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Quick Studies


Fat in an Expectant Mother’s Diet May Shape Baby’s Gut Microbiome

To equip an unborn baby with a healthy gut microbiome, new research suggests that mama might want to pass on the fries.

Quick Studies


For Most Self-Proclaimed Dieters, There’s No Diet at All

New research from the Netherlands shows that about 60 percent of people claim to be dieting, but very few actually do it.

The Things We Eat


A Roadkill Revolution: Eating Animals to Liberate Them

A philosopher argues that if there are viable ways to reduce intentional harm to animals by eating them—and there are—then all vegetarians who subscribe to the “do-the-least-harm” principle should be obligated to make roadkill a part of their diet.

Sociological Images


The Sexual Politics of Veganism

Veganism is too often presented as little more than a means of achieving idealized body types.

But It's Just a Game


Running a Marathon Takes Guts, but They Better Behave

The power of dietary rituals on the streets of Boston.

The 30 Top Thinkers Under 30


The 30 Top Thinkers Under 30: The Global Ideas Institute Leader Who Wants to Solve Food Insecurity Around the World

For the month of April we’re profiling the individuals who made our inaugural list of the 30 top thinkers under 30, the young men and women we predict will have a serious impact on the social, political, and economic issues we cover every day here at Pacific Standard.



When It Comes to Eating Right, Laziness Can Be Your Friend

New research finds one bad habit we’re often tagged with (sloth) can help us overcome another (overeating).

You Don't Know America


What Makes American Cuisine American?

At its essence, American food began as a cuisine of survival free from the burdens of tradition and elitism. Little has changed.



Irony in Our Diets: Stigmatizing Obesity Increases Overeating

New research suggests anti-obesity campaigns that stigmatize heaviness may be counterproductive.



The Buffet Line Can Be Your Friend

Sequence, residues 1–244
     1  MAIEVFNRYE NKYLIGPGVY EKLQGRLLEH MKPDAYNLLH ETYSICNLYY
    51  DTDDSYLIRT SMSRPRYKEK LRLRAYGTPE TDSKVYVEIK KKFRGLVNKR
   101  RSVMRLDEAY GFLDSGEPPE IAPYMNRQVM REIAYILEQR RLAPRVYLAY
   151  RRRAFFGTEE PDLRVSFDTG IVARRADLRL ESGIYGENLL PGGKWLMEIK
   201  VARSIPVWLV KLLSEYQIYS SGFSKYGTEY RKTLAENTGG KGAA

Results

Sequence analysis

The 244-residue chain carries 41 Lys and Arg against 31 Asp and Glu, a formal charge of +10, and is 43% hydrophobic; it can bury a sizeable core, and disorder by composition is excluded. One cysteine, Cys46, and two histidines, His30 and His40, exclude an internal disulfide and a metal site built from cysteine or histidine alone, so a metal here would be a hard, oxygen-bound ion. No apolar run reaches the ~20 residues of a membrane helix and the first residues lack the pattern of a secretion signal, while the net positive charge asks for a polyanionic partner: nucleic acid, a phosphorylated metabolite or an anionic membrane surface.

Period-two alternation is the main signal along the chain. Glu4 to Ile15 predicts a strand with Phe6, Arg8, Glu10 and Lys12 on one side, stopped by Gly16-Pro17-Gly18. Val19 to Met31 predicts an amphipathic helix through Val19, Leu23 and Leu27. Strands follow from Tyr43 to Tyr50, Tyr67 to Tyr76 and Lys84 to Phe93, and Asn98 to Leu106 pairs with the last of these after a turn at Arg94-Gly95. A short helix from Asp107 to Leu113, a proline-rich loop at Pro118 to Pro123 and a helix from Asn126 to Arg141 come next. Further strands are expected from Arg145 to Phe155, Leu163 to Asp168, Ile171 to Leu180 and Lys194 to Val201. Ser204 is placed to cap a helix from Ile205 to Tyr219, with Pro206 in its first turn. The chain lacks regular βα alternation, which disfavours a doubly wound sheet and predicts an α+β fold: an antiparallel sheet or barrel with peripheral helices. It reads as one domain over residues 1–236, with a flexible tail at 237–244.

It all depends on whether the food is presented in an optimal order, with healthy selections first.



Fat-urday: When Eating What You Want Is Cheating

If “cheat days” are built into diets, is it really cheating? It’s time to ditch the term and all its dubious implications.



It’s Not Just All of the People Around You That Are Getting Fatter

Research reveals that animals are gaining weight, too.



World’s Oldest Living Human Found, Not in the Usual Place

Are freak longevity cases more about record-keeping than genetics, diet, or exercise?



A Very Weighty Decision

The American Medical Association has officially labeled obesity a disease, but we still don’t know enough about the problem to be sure it fits the established definition.


Robert Lustig

Is Sugar the Next Tobacco?

It will be if Robert Lustig has anything to say about it.


Reading in fancy library

To Stay Thin, Eat Like the Cultural Elite

New research finds an association between lower body weight and participation in cultural and intellectual activities, including reading.



Calm Down, Step Away From the Burger

A new study links trans fats – already under fire for a variety of dietary ills – with grouchiness.


‘Fair Trade’ Chocolate Perceived as Healthier

For many consumers, the label “fair trade” promotes the inaccurate assumption that a chocolate bar is lower in calories than its competitors.


FDA Cracks Whip on Lap-Band Marketing

An industry that’s grown up around a promising way to help people caught in a web of obesity needs to make a few less promises, the FDA declares.


Applying Healthy Skepticism to Healthy Foods

When superfoods like blueberries, pomegranates, açai, green tea sound a little too amazing, it might be time to take a closer look.


How Should We Evaluate Lap-Band Candidates?

Allergan lowers BMI requirement and raises questions about its effectiveness and appropriateness.


The Farm School: Growing Organic Farmers

At The Farm School, students learn the nuts, bolts and economics of organic farming, and the spiritual side isn’t ignored, either. Garlic plantings may get blessed.


Dietary Guidelines Include a Helping of Politics

Every five years, the U.S. government bravely tries to nudge Americans toward a healthier diet while not ticking off purveyors of less-desirable foods.

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Attitudes About Race Affect Actions, Even When They Don’t

Tiny effects of attitudes on individuals' actions pile up quickly.

Geography, Race, and LOLs

The online lexicon spreads through racial and ethnic groups as much as it does through geography and other traditional linguistic measures.

Feeling—Not Being—Wealthy Cuts Support for Economic Redistribution

A new study suggests it's relative wealth that leads people to oppose taxing the rich and giving to the poor.

Sufferers of Social Anxiety Disorder, Your Friends Like You

The first study of friends' perceptions suggest they know something's off with their pals but like them just the same.

Standing Up for My Group by Kicking Yours

Members of a minority ethnic group are less likely to express support for gay equality if they believe their own group suffers from discrimination.

The Big One

One in two United States senators and two in five House members who left office between 1998 and 2004 became lobbyists. November/December 2014

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